Understanding Sounds Tolerances & Sound Sensitivity

There are a number of different types of sound sensitivity or decreased sound tolerance.

Hyperacusis is decreased tolerance for volumes that are typically well-tolerated by most people. An individual with hyperacusis may experience physical discomfort or pain when exposed to common everyday sounds. The volume at which sound becomes uncomfortable or painful may be different across individuals with hyperacusis.

Misophonia is decreased tolerance for specific sounds, regardless of volume. Misophonia is also known as selective sound sensitivity. An individual with misophonia may experience a negative emotional reaction such as annoyance, disgust, and/or rage when exposed to specific “trigger” sounds. Trigger sounds are commonly mouth-oriented (such as breathing, chewing, swallowing) or repetitive (such as dripping, clicking, tapping).

Phonophobia is fear that non-harmful volumes will cause discomfort/pain, hearing loss, or tinnitus. An individual with phonophobia may experience a fearful emotional reaction when exposed to common everyday sounds.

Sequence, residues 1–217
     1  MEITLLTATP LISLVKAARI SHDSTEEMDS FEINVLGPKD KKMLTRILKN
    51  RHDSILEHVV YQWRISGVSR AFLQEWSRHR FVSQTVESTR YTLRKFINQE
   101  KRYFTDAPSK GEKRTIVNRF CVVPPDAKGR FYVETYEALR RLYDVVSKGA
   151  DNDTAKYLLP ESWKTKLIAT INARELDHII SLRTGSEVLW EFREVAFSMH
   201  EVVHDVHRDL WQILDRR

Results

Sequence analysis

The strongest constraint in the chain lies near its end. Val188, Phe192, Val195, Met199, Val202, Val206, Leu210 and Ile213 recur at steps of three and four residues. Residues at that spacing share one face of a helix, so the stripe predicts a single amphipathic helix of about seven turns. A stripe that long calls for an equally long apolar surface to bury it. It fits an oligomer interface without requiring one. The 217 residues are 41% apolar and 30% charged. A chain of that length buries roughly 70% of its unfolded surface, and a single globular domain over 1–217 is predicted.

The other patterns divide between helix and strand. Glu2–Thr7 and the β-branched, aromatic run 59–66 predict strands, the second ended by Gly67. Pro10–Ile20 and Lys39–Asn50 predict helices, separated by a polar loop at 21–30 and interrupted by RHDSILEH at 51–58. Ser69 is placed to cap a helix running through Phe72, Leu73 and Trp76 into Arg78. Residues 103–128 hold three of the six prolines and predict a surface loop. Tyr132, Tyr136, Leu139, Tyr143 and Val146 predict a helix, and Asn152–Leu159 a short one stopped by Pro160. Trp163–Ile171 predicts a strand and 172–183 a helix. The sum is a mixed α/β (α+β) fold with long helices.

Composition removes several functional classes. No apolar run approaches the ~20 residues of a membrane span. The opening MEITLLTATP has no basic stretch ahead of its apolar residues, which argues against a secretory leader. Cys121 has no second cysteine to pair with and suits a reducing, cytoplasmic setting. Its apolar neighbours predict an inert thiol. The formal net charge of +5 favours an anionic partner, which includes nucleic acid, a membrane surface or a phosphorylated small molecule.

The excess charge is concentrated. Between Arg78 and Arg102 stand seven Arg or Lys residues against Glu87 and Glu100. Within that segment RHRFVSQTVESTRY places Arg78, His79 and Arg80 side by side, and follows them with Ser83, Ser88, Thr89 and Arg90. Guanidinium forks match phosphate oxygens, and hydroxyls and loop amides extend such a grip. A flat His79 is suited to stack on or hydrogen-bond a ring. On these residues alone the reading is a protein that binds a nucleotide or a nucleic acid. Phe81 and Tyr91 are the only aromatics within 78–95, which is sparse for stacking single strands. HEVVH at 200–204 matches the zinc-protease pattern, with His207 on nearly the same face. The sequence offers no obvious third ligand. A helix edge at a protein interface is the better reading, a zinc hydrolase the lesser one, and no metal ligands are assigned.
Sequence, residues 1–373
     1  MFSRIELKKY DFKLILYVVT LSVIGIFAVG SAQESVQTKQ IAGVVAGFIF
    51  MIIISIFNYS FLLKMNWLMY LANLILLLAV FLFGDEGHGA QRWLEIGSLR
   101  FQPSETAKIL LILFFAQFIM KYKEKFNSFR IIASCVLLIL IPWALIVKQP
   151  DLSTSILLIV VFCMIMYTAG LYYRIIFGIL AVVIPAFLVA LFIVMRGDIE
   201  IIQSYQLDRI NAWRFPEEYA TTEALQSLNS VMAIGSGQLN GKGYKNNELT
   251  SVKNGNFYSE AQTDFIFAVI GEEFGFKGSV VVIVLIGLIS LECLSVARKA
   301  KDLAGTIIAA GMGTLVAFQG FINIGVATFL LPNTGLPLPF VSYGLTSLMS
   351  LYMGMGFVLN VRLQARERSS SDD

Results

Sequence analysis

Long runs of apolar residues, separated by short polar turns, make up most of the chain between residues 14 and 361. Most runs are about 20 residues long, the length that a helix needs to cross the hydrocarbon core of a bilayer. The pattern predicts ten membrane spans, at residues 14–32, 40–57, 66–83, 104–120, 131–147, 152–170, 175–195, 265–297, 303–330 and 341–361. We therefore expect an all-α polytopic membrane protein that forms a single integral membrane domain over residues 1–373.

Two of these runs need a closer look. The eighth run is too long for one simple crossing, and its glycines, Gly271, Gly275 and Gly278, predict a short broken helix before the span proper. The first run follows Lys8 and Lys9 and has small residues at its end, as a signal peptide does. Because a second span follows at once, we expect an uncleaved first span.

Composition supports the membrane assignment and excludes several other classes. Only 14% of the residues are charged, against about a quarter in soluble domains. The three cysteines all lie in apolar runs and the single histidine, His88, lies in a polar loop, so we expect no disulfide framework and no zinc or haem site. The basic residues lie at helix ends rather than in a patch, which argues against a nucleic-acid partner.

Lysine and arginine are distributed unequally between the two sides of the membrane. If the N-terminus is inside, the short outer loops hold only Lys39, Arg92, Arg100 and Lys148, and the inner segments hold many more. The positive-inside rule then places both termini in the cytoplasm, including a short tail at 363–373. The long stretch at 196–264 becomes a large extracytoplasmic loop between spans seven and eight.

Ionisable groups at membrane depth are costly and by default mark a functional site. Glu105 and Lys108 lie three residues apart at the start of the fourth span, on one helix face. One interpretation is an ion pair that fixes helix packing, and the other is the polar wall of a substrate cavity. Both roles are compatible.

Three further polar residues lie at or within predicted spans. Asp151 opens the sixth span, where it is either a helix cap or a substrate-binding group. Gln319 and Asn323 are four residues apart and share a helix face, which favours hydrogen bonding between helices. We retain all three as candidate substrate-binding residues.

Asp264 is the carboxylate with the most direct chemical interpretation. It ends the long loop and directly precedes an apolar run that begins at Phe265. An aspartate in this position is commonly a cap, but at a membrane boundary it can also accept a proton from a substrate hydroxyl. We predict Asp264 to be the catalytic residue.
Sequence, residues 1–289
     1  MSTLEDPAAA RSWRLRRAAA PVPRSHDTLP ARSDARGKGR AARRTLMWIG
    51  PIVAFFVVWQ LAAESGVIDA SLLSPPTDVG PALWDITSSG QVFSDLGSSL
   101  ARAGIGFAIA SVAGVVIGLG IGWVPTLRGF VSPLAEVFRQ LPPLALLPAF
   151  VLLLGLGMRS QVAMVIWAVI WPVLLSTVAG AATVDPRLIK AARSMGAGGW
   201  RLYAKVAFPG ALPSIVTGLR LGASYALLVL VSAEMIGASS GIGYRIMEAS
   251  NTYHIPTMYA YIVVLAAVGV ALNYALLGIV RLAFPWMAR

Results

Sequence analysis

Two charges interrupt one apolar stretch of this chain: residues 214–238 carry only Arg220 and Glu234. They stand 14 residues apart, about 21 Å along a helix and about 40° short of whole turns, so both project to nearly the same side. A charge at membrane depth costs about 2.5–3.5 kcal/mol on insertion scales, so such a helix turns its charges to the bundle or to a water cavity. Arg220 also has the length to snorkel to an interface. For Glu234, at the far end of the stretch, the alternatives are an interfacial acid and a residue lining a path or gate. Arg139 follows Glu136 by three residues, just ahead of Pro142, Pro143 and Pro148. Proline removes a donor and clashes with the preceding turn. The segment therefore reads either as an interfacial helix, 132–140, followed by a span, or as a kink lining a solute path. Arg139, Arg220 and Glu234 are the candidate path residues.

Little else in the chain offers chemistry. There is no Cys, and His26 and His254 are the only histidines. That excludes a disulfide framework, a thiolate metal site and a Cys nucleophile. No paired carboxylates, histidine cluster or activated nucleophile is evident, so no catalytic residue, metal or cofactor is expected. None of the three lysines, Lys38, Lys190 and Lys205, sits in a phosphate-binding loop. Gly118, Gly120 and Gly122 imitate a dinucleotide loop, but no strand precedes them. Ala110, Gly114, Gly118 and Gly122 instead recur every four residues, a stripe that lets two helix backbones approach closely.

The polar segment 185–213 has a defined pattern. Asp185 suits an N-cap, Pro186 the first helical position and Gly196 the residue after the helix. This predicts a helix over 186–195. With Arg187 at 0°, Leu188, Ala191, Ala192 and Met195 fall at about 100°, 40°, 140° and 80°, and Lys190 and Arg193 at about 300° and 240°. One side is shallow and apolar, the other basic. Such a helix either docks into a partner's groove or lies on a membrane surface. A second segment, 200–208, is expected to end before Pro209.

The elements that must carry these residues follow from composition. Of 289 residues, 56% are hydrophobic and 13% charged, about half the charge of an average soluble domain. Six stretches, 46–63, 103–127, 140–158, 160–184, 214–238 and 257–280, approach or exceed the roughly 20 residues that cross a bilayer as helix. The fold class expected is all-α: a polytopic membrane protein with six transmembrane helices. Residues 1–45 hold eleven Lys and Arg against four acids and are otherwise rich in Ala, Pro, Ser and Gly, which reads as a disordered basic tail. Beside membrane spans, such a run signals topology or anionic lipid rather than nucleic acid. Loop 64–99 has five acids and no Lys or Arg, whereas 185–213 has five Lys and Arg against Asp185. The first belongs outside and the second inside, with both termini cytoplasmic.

Individuals with sound sensitivity may avoid exposure to common every day or trigger sounds through lifestyle modifications or overuse of hearing protection. Over time, this can make the sensitivity worse.

Management Options

Hyperacusis may result from a change in auditory function or might occur secondary to brain injury or other health conditions. It is common for hyperacusis to coexist with tinnitus. Hyperacusis is managed through the process of desensitization. Sound therapy for hyperacusis involves consistent exposure to a stimulus that is gradually increased in volume. Improvements in loudness tolerance may happen in as quickly as a few weeks.

The causes of misophonia and phonophobia are less well-understood. A team approach to management may be recommended. Sound therapy has shown to be an effective management option for these types of sensitivities, often in combination with cognitive behavioral counseling.